And how would you describe that arc? Does he go a little buggy?
DAMON: No, it’s interesting, that was one of the things in the book. It’s an adaptation of this book, and that’s one of the things that was pointed out by a lot of reviews of the book, that it’s not kind of this existential movie about desolation. You could make that, but I think you probably couldn’t make that at this scale. This character is this incredibly resourceful, optimistic person who just doesn’t bother whinging about things. He just thinks ‘what’s the next problem? Okay, what’s the next problem? I just have to keep knocking down problems in order to stay alive’ because there are so many things…he’s on the very edge of death at all times. If the oxygen tank breaks, he’s gonna die. If the water tank breaks, he’ll die of thirst. If there’s a breach in the half, he’s gonna implode. If all of that works, he’s gonna starve to death. He’s like ‘there are so many things to do’, that his days are full just trying to…and the writer of this book, this guy Andy Weir. I have not talked to him but I read an interview with him. He was talking about how he came up with the concept. He’s like a scientist, he just let the science dictate what would happen if this were me. And he sat there and did it as this kind of thought exercise, ‘well I would need to do this and I would need to do that, and okay well then I would need to do this.’ It’s a very smart person procedurally doing what they need to do to stay alive on Mars. Hopefully people want to see that [laughs].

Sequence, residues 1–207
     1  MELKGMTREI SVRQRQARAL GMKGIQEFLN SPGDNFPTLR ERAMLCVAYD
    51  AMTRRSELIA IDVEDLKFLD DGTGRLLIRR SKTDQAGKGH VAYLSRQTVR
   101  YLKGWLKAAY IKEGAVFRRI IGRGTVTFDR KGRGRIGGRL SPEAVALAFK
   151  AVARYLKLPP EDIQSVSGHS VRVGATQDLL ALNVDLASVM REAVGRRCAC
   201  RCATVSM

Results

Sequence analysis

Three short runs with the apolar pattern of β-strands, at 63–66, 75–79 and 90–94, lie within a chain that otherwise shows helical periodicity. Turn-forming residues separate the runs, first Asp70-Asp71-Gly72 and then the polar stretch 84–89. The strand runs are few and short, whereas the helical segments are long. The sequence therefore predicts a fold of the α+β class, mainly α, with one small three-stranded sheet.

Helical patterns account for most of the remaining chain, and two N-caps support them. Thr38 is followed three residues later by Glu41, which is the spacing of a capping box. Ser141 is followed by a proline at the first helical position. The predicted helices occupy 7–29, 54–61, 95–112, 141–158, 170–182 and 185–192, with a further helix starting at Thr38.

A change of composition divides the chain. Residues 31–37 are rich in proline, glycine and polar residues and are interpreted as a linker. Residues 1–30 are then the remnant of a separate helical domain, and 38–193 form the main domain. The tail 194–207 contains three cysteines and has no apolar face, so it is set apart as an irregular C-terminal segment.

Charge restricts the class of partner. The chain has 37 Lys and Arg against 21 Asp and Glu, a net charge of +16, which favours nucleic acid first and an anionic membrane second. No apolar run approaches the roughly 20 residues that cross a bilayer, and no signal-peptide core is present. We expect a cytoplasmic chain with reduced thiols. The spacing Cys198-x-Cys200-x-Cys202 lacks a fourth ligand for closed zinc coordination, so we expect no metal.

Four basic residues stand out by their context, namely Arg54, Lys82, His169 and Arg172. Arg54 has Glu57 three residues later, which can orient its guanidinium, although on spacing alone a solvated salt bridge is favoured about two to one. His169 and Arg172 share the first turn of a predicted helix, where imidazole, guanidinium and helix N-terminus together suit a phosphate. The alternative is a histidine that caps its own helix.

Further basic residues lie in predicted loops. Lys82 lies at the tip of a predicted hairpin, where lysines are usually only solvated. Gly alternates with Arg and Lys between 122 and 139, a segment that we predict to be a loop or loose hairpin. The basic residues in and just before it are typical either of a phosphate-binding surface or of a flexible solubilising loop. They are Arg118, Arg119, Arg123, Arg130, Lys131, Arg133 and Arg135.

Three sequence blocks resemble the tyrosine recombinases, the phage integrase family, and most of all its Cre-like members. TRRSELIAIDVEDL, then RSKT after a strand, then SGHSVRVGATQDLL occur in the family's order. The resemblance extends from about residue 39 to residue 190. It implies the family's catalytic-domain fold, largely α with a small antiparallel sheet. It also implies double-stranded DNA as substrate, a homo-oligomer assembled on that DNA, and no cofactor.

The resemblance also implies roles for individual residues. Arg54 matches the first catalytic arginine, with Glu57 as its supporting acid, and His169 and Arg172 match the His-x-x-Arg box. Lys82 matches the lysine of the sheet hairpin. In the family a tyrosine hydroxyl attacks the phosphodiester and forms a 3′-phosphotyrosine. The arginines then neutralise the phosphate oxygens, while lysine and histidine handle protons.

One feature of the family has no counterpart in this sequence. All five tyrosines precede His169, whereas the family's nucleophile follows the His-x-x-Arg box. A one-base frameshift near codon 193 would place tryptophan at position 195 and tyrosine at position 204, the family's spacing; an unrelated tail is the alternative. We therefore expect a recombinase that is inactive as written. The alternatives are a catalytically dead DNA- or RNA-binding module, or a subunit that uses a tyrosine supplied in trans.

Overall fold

I was going to ask about the hard science. How much as an actor do you need to understand that? How much did you research?
DAMON: Not at all. You can if you want to, but it’s acting. If it’s done right, the audience should believe it. I think it’s always good when an actor knows what they’re saying. You can see when you watch an actor who’s talking and he literally doesn’t have any idea what they’re talking about, that comes across. But if you know in general terms what it is and what the obstacles are, then you don’t have to know. Like Interstellar, even Chris Nolan wasn’t learning about the kind of physics…he had physicists there kind of as a technical advisor so there are experts around that you can work with. And also you see those stories about actors all the time like ‘he could’ve tried the case in front of the supreme court, he was that good!’, and you’re like ‘fuck off’. It takes a lifetime to learn whatever you’re doing, whatever your trade is, it’s hard and it’s really demeaning to any of these people to say ‘oh, this guy researched it for three months so now he could be an astronaut’. It’s like ‘yeah, right’. Maybe a journalist, but…